Prison in those days was not punishment. It was a place of waiting. People waited for a decision on their crimes.  Whatever the result, they would only spend a short time in prison.

These troubles will last ten days. Ten days was the period of Daniel’s testing (Daniel 1:12-15). This may refer to the end of their suffering. It will last only for a short time. It will be a hard test but it will end. God speaks the last word (see James 1:12).

The Christian message was not popular in Smyrna. They did not approve of the Christian way of life, with its high standards. He asks them to be faithful even if they have to die.

The Crown of life is a reference to eternal life. The example is Christ who knew the pain of death but won the “victory over pain and death.”

The crown was not the crown that kings and queens wear but closer to the idea of a prize and a sign of victory which was appropriate for Smyrna which had famous sports games.


Cross Alpha and Omega

Alpha and Omega

Upper Subject: Alpha and Omega

Inscription:    “I Am Alpha And Omega, The Beginning And The Ending”

Donor: Wellington and Victoria Stevens Wallace

Maker/Date:  Charles Hogeman, Easter, 1909

Upper Description   – This is from the book of Revelation 1:8.

God introduces himself as ‘the “Alpha and Omega.” “Alpha” is the first letter of the Greek alphabet.  “Omega” is the last letter. The entire quote “I am the Alpha and the Omega,” says the Lord God, “who is and who was and who is to come, the Almighty.” God gave the revelation to Jesus to show his servants what must soon take place.

Revelation shows us that God is sovereign over human history, that God is both the beginning and the end is particularly appropriate to this book. He is the end of history. He is the Lord of all that comes in between. He is the Lord King of all the ages. No person, no ruler, no country can oppose the Lord King. Nine times in this book, God has the name ‘Almighty’.

This designation of Alpha and Omega is repeated in 21:6, 22:13. Jesus came to earth and died on the cross and he is now exalted at the right hand of God and intercedes for us and he is coming again in power and glory to claim his own. When he returns he will consummate this present age and the righteous will rise from the dead and there will be a new age with a new heaven and new earth.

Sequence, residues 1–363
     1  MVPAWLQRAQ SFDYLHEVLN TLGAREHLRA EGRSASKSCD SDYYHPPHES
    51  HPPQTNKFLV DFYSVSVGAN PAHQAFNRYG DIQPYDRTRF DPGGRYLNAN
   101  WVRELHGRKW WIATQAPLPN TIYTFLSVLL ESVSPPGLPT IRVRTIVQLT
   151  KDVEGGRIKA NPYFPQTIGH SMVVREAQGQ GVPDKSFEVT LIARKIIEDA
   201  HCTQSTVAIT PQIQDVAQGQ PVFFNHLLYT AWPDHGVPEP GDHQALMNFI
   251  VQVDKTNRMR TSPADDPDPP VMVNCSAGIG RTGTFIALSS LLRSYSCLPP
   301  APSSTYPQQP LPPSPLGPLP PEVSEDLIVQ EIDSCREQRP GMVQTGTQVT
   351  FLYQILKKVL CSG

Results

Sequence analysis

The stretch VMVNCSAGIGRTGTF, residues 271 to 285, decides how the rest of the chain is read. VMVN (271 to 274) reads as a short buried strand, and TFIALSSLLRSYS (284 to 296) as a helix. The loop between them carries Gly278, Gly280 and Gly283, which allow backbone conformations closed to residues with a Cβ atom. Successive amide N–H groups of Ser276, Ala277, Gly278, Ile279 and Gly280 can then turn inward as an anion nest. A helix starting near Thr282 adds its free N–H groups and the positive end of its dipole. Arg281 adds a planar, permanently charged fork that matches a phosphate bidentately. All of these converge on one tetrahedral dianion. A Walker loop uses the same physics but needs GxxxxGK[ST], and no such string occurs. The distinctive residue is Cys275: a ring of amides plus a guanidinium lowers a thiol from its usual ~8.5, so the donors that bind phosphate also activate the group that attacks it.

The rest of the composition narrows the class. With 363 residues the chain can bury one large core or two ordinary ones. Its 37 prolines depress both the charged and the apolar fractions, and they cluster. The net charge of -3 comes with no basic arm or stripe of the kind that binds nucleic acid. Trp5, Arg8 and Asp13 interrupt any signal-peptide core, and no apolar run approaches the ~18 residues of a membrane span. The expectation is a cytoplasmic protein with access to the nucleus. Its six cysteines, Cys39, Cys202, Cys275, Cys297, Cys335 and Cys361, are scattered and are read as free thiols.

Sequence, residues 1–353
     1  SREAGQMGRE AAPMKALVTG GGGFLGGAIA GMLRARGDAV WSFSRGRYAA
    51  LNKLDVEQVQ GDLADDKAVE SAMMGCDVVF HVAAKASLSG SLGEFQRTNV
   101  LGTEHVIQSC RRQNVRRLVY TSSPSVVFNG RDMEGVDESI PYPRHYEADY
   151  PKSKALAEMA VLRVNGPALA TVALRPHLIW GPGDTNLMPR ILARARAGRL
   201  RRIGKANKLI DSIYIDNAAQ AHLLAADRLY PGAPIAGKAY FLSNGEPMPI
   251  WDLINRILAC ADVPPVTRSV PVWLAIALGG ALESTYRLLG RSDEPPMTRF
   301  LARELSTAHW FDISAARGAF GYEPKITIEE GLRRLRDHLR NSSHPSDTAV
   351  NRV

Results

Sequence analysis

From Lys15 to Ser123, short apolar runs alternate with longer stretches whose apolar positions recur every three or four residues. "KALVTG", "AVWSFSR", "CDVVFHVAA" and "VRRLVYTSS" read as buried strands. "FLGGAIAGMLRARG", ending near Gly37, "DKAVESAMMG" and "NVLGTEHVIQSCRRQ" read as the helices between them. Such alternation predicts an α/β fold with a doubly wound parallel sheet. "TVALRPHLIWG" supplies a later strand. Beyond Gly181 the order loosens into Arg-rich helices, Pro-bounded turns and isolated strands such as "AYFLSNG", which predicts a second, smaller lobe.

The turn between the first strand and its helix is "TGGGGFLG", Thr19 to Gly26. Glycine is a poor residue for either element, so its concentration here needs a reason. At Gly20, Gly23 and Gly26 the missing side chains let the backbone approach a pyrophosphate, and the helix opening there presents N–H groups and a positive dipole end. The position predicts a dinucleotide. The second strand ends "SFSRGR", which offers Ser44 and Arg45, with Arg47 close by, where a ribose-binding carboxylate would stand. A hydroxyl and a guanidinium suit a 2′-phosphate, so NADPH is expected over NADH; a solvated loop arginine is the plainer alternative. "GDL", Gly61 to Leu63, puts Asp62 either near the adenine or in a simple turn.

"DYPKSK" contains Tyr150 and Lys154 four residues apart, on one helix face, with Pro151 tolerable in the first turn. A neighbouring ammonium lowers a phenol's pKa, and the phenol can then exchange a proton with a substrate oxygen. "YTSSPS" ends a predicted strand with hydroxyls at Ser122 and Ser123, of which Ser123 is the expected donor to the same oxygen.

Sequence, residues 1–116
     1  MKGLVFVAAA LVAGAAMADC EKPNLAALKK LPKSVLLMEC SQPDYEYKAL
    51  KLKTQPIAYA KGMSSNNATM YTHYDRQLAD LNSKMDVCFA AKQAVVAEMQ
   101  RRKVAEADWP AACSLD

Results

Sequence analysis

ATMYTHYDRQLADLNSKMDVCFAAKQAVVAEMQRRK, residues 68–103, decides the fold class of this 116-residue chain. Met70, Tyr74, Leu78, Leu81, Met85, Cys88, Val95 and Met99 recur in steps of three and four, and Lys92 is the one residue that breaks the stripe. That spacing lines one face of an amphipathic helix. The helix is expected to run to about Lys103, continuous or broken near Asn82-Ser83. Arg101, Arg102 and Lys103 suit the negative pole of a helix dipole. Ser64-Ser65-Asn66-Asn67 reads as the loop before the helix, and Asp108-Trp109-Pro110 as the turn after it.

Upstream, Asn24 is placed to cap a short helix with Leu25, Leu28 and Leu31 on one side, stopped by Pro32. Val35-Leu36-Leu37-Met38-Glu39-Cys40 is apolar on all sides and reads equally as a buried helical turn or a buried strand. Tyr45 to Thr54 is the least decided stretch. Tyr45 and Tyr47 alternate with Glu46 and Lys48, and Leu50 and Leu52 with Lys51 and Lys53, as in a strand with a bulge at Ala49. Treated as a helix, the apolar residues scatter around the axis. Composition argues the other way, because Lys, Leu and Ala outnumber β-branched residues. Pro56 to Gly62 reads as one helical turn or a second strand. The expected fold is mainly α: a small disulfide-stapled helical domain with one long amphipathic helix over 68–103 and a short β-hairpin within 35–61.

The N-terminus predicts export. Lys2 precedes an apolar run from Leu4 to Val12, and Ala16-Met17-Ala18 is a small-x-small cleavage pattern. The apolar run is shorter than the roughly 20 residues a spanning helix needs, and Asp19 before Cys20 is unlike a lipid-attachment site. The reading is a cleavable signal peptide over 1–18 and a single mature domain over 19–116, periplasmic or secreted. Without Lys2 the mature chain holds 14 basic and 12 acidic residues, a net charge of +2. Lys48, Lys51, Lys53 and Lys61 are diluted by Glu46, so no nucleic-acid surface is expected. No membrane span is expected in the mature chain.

Techniques –  The Wallace windows use similar glass around center symbols arranged in five rows of stone with the central theme in the middle. Surrounding the symbol are two concentric circles of stones. Within each row are different shapes of glass. The effect is traditional without any special treatment of the glass or painting.


Moon and Stars


Upper Subject: Moon and Stars

Inscription: “Lord, I Have Loved The Habitation Of Thy House And The Place Where Thine Honor Dwelleth”

Dedication: Wellington and Victoria Stevens Wallace

Maker/Date: Charles E. Hogemen, 1908. Easter, 1908

Description: This is from Psalm 26:8

1Vindicate me, O Lord,
for I have walked in my integrity,
and I have trusted in the Lord without wavering.
2Prove me, O Lord, and try me;
test my heart and mind.
3For your steadfast love is before my eyes,
and I walk in faithfulness to you.*
4I do not sit with the worthless,
nor do I consort with hypocrites;
5I hate the company of evildoers,
and will not sit with the wicked.
6I wash my hands in innocence,
and go around your altar, O Lord,
7singing aloud a song of thanksgiving,
and telling all your wondrous deeds.
8O Lord, I love the house in which you dwell,
and the place where your glory abides.
9Do not sweep me away with sinners,
nor my life with the bloodthirsty,
10those in whose hands are evil devices,
and whose right hands are full of bribes.
11But as for me, I walk in my integrity;
redeem me, and be gracious to me.
12My foot stands on level ground;
in the great congregation I will bless the Lord.

This appeal to heaven my have been written by David at the time of the assassination of Ishbosheth, by Baanah and Rechab, to protest his innocence of all participation in that treacherous murder; the tenor of the Psalm certainly agrees with the supposed occasion, but it is not possible with such a slender clue to go beyond conjecture.

Symbol: Moon and Stars

To the Greeks and Roman, stars were divinities, a belief derived from  Persia and Babylonia.

Heavenly bodies identified with gods to be worshiped according to the advice of astrologers. The gods as planetary figures may be represented by a star on their brow.

Christianity absorbed this idea. Christ is described as the “bright star of dawn.” (Revelation 22:16)

Early Renaissance art often shows a star on the shoulder of the Virgin’s cloak. Virgin Mary is crowned with a circle of stars. Star led the magi to the birth of Christ. The ‘ancient’ Christ of the Book of Revelation held 7 stars in his right hand

Techniques –  The Wallace windows use similar glass around center symbols arranged in five rows of stone with the central theme in the middle. Surrounding the symbol are two concentric circles of stones. Within each row are different shapes of glass. The effect is traditional without any special treatment of the glass or painting.


Small Windows – Lamb/Dove

These are on the doors leading into the gallery. We think they were done at the same time as the Nativity window (1943) based on their design: